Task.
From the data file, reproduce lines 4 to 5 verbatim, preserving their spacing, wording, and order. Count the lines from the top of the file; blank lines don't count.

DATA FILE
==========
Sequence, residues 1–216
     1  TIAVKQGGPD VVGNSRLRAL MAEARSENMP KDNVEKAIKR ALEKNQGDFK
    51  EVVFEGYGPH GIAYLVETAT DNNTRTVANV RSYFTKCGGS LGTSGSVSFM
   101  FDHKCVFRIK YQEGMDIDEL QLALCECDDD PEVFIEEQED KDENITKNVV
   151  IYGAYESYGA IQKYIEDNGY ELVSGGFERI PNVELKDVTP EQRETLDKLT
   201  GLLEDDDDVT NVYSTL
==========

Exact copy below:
   101  FDHKCVFRIK YQEGMDIDEL QLALCECDDD PEVFIEEQED KDENITKNVV
   151  IYGAYESYGA IQKYIEDNGY ELVSGGFERI PNVELKDVTP EQRETLDKLT